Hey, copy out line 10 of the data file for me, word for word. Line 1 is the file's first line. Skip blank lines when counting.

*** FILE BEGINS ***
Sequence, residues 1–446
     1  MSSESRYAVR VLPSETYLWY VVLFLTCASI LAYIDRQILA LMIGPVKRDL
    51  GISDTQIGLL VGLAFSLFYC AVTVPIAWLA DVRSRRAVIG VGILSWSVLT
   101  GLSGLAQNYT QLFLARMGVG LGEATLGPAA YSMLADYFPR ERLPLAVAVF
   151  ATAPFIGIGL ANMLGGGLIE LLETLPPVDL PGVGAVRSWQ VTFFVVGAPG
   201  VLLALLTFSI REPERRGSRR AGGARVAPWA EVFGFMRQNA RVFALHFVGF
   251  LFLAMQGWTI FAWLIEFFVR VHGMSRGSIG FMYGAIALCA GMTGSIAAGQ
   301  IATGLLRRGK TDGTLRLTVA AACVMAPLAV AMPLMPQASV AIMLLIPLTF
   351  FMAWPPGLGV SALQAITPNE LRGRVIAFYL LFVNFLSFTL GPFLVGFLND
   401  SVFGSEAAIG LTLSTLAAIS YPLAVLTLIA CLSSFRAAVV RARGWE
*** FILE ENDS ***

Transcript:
   401  SVFGSEAAIG LTLSTLAAIS YPLAVLTLIA CLSSFRAAVV RARGWE